Sometimes an album hangs together so coherently that it becomes one piece of music; Irish singer songwriter Davie Furey‘s new album, Haunted Streets, is one such album. Featuring some of Ireland’s top musicians, including Steve Wickham (The Waterboys), Darren Holden (The High Kings), ELLYD, Susan O’Neill (SON), Clare Sands, Robbie Campion, Martin Quinn, Andrew Quinn and Francie Conway, the album features several previous singles that personify the folk-rock sound of the whole album.
Haunted Streets opens with a barnstormer of a song, ‘Flames on the River‘, an upbeat song with a catchy hook, immense danceability and an anthemic melody – it would be awesome to hear this live. The rockier side of folk-rock, the track leaves the listener more than ready for the rest of the album – it’s everything an opening track should be.
Moving onto ‘Secret Light‘ and ‘Farewell Returning Blues‘, we find a softer, gentler sound driven by the vocals and in the latter track, an acoustic backdrop. Both sing of love, with this line from ‘Farewell Returning Blues’ expressing Davie’s talent for lyrics:
I’m falling into you once more…You were a wound just about to heal, When I looked behind for a glance
The bittersweet lines capture the difficulties of disengaging from a dysfunctional, on-off relationship
Moving into the folkier side of folk-rock, the best of modern Irish folk music is to be found in a trio of tracks mid way through the album; ‘Just Like the Wind‘, ‘Who Am I‘ and ‘Ghost In Me’. I defy anyone to listen to the first of these three tracks and not be up dancing and air drumming – it’s a song that takes you over, body and soul. To a lesser extent, the same can be said for the next two songs, with a particularly fine fiddle solo in ‘Who Am I’.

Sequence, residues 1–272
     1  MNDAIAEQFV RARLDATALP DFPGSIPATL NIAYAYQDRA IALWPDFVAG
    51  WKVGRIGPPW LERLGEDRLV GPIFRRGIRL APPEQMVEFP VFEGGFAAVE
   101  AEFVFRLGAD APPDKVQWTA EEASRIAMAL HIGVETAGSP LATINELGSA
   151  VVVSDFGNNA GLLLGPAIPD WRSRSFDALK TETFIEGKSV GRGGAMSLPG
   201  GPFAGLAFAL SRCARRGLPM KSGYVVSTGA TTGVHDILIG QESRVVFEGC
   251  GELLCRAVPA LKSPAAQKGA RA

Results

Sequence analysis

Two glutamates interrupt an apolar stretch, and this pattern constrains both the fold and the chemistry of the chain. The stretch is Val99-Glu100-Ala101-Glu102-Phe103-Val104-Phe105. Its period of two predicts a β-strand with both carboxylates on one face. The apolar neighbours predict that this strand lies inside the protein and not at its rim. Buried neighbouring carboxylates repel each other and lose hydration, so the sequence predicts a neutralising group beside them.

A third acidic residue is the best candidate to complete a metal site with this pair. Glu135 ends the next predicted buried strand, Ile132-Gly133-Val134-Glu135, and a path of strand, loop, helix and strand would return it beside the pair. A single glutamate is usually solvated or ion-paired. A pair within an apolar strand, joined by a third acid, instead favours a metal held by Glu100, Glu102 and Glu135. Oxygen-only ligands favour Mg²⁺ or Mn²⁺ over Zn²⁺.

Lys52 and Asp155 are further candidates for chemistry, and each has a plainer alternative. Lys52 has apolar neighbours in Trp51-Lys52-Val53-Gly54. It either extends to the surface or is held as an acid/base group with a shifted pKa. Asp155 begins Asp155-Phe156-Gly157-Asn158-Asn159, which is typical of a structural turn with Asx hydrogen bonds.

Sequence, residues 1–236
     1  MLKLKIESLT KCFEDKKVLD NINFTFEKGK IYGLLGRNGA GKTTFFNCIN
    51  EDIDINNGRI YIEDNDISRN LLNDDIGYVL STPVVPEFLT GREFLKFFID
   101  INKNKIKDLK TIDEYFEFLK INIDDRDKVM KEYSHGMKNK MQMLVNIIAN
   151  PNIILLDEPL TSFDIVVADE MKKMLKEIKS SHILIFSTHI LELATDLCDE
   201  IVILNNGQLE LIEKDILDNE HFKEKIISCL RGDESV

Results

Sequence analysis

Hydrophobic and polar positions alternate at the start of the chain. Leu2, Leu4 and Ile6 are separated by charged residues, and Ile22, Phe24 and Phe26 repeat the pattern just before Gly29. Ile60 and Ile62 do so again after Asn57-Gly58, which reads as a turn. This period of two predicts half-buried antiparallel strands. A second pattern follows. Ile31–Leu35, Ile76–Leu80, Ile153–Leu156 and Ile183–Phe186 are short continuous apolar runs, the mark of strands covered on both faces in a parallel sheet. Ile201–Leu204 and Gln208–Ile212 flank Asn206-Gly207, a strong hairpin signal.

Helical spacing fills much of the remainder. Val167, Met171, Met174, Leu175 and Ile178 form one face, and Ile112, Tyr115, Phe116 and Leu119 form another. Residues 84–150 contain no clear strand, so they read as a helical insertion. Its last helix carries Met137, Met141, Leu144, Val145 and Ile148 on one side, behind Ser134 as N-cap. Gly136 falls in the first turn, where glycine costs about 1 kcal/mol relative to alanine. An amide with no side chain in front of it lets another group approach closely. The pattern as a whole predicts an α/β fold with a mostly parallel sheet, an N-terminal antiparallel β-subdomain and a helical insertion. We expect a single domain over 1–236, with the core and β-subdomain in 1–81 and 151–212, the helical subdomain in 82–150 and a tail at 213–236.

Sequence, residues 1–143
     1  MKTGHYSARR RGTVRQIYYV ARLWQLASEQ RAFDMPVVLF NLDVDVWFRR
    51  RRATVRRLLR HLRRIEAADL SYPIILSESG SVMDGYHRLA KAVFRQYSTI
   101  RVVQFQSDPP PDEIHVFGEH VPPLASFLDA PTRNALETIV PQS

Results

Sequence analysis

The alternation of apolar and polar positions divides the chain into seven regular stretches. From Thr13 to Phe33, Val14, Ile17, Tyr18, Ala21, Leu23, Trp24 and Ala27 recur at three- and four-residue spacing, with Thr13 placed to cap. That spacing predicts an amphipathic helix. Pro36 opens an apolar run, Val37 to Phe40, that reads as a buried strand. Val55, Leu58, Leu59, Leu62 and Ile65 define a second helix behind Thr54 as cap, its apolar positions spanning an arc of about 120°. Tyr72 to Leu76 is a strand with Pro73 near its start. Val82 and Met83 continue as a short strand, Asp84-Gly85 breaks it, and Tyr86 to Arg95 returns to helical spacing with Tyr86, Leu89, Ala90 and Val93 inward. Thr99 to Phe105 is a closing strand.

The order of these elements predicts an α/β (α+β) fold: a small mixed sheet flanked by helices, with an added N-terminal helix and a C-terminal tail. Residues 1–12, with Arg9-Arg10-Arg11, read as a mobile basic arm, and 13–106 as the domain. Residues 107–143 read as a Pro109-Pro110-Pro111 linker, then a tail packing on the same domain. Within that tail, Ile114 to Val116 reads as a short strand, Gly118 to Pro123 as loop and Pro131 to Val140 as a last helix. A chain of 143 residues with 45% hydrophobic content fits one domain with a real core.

‘Spaces Full‘ is another toe tapping song full of danceability that became an instant hit with me when I heard the line “on the 82 to Finchley Road” because as a north Londoner, the 82 is a bus route I’ve taken many times and it’s not something I’ve heard in a song before! ‘Spaces Full’ has a lively beat and is joyfully uplifting, made all the more so by Davie’s journey into climate change in ‘The Magic of the Oceans‘ with the line “the magic of the oceans is under threat, under threat, under threat”. The repetition of these lines, carried on into “we’re destroying it and we don’t know yet, don’t know yet, don’t know yet” enhances the message and makes it that bit more heart breaking.
Haunted Streets is an album that comes along rarely – a collection of songs that are knitted together so well as a whole that you can’t imagine them to be any other way. This is folk-rock at it’s best.
Davie’s advice for aspiring musicians is all about the music:
“The songs are always the most important creatures. Without them you don’t have an album, there is nothing to promote, there is nothing to share with your audience. Respect the songs for their own individuality for they each have their own character.
Learn your instrument well, whether that be your voice, your guitar, your piano, whatever it is. Personally, I can’t sing a song from a text sheet in front of me. The magic just ain’t there. I have to learn it and live with it and allow the song to reveal itself….not all songs do and that’s ok.
I don’t believe in song writing schools or courses. Listen to the masters and hear what they are doing. I have always gone to as many gigs as possible to learn, to be educated. Write freely and allow your own voice to come through.”
Haunted Streets is released on 19 February. Get your copy here.
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